That year in Social Studies, the students learned about their communities, the world, and their place in each. So, I drew a circle on a piece of paper which I projected on the screen for all to view. I continued to draw more circles and explained as I labeled each outer area. Our class was like a family. Then, we were part of a greater group which was the school community, then our city, state, country, and our planet. Smiles began to appear across their faces when they saw all that they were a part of just by being born into this world. 

Anna’s Social Studies chart.

At that moment, I drew a heart at the center of all the circles and labeled it “You” as I shared that the goodness and peace of each group did not work without the love of each of them. Then I posed the question once again, “Why are you all fighting so much?” By this time, I knew who the main instigators were. 

We sat on the floor in a wide circle as students shared their innermost fears, thoughts, and worries. They were frustrated with how older siblings and cousins had been treating them at home and chose to take that hurt out on their peers. We heard stories of parents traveling often for work or missing grandparents that lived far away. Bravely, a student shared that they were very upset with their parent for arguing with their grandparents, causing them to be apart for some time. Tears were shed while we comforted and supported one another. We made a pact that day to be a family and protect one another rather than hurt each other. We discussed how families fight and let us down and came up with ways to support one another and lead the way for the changes we wanted to see. Without prompting, the students apologized to one another. The remainder of that school year wasn’t perfect because we were a family and arguments arose here and there, but it was nothing like the disrespect we endured in the early days.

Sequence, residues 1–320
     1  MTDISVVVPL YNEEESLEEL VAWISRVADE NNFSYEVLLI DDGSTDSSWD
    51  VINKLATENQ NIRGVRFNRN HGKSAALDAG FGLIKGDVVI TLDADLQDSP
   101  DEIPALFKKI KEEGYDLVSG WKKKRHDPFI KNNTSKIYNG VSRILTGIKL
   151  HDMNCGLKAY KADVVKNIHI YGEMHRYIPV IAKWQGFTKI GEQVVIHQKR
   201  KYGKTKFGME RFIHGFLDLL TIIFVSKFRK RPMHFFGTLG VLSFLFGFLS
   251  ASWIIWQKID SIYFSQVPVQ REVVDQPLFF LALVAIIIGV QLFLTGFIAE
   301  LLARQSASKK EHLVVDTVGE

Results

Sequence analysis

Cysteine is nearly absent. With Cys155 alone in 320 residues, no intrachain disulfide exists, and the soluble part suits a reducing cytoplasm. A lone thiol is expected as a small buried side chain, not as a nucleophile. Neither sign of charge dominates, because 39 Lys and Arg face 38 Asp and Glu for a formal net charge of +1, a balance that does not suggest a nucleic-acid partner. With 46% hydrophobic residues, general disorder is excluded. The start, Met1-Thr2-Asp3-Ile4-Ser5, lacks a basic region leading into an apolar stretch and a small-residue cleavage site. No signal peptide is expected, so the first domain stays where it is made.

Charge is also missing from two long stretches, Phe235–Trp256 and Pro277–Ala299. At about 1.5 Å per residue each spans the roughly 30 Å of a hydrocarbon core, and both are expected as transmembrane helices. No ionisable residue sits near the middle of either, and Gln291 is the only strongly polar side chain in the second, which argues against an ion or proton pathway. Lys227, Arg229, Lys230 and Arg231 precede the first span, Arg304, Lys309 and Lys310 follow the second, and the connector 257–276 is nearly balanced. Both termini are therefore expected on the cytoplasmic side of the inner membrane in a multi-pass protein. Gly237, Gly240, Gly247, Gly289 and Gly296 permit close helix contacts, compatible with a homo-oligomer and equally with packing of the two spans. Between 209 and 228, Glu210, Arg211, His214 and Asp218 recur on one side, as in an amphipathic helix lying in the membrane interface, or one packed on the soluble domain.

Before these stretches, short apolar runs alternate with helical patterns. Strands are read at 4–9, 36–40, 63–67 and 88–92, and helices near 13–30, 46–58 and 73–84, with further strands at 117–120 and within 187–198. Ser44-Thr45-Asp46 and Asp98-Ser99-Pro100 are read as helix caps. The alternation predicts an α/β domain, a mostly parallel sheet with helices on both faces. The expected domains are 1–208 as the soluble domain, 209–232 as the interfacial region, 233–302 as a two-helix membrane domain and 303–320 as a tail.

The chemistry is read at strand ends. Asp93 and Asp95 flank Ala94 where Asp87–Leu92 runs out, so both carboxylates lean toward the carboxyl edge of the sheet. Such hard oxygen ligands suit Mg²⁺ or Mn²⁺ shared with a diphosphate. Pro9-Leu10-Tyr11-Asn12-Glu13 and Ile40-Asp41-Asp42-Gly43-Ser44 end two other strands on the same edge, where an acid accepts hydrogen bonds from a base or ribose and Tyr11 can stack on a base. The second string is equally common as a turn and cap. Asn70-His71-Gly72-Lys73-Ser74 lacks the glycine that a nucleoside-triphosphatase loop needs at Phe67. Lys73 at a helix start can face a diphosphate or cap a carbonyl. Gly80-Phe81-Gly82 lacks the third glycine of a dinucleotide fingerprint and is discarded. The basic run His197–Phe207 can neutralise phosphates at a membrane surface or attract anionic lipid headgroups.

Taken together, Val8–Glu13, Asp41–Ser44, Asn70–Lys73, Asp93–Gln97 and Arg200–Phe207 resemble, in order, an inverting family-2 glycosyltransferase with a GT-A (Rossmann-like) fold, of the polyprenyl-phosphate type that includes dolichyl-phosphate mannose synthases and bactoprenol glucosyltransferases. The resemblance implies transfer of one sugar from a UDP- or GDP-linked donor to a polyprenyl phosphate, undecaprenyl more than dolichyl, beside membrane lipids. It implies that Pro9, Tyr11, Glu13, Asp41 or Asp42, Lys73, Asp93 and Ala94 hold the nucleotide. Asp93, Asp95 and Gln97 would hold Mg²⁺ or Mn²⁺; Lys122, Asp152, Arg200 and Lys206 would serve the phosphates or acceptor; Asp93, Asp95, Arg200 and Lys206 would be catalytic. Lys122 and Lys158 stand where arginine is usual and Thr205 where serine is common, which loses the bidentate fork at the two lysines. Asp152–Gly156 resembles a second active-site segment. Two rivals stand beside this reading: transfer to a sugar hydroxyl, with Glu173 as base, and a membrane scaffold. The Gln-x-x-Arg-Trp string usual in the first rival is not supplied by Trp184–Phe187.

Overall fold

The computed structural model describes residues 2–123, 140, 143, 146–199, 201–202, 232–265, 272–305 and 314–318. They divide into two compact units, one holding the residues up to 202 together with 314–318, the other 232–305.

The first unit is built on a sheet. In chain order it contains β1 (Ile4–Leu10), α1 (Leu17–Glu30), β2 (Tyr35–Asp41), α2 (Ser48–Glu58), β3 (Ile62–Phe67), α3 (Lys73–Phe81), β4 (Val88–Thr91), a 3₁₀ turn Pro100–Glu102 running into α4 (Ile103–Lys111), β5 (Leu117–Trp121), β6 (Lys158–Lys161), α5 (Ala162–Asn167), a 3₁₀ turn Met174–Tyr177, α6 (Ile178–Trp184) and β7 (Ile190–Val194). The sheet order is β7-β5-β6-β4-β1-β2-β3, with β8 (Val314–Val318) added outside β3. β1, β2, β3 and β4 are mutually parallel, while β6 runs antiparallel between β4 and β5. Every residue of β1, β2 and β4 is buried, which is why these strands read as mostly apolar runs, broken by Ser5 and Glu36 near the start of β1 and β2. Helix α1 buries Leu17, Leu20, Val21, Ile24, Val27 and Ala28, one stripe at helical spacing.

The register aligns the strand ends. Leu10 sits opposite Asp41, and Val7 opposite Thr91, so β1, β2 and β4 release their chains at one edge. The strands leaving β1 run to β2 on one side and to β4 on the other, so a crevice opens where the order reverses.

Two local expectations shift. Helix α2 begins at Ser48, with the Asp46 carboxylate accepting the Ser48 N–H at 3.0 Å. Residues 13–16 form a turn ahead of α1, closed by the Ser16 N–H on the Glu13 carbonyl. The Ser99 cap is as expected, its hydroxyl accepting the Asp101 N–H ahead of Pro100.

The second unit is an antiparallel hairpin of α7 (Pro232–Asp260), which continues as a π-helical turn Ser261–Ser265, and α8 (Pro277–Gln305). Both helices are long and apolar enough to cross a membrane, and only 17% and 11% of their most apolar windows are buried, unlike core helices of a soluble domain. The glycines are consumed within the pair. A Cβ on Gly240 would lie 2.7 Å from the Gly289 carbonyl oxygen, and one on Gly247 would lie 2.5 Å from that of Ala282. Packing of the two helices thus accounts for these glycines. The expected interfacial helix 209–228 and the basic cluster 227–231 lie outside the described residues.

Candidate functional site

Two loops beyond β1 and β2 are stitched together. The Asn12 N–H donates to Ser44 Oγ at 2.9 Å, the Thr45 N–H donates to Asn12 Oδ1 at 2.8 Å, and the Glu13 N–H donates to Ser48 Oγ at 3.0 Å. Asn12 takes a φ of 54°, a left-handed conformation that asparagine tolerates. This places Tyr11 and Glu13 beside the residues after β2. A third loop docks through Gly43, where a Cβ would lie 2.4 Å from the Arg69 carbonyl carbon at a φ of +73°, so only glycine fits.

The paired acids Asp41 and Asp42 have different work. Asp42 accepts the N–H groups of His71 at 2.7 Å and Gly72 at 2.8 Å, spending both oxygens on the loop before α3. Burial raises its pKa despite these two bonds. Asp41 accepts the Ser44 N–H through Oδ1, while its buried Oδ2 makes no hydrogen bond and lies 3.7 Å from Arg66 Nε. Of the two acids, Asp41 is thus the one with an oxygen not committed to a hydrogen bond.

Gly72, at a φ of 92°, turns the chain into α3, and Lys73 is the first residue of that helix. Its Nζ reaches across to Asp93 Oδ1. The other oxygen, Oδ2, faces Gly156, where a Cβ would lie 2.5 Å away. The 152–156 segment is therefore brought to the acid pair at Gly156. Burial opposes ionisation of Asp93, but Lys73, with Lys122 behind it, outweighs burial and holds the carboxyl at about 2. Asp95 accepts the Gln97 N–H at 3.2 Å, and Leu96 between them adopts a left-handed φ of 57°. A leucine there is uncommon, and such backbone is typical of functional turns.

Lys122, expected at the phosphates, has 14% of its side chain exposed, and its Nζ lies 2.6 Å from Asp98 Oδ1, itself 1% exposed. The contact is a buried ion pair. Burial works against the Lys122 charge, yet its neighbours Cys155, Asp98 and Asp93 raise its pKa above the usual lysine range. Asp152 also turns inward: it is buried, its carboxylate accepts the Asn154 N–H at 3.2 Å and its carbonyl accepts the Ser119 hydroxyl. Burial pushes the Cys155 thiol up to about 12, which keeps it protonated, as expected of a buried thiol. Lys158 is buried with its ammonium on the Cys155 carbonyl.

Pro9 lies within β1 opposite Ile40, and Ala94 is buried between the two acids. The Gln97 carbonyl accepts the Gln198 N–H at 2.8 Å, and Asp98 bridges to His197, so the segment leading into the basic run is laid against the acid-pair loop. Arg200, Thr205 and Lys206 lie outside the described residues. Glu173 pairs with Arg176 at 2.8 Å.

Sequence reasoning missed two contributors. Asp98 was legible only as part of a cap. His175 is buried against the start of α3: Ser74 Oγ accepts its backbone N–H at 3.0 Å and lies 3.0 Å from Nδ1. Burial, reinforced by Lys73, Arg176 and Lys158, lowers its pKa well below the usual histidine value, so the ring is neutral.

Every year after that, I expand on that lesson and to this day, I have students come back to visit and say they miss our family. Many years later, one former student returned to my classroom, eyeing the small desks, and exhaled, saying, “It’s good to be home; I’ve missed this family.”